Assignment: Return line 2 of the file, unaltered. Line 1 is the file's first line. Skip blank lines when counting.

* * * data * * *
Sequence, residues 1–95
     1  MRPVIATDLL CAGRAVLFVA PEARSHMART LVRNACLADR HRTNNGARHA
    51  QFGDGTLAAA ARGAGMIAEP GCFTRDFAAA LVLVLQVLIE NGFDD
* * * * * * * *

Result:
     1  MRPVIATDLL CAGRAVLFVA PEARSHMART LVRNACLADR HRTNNGARHA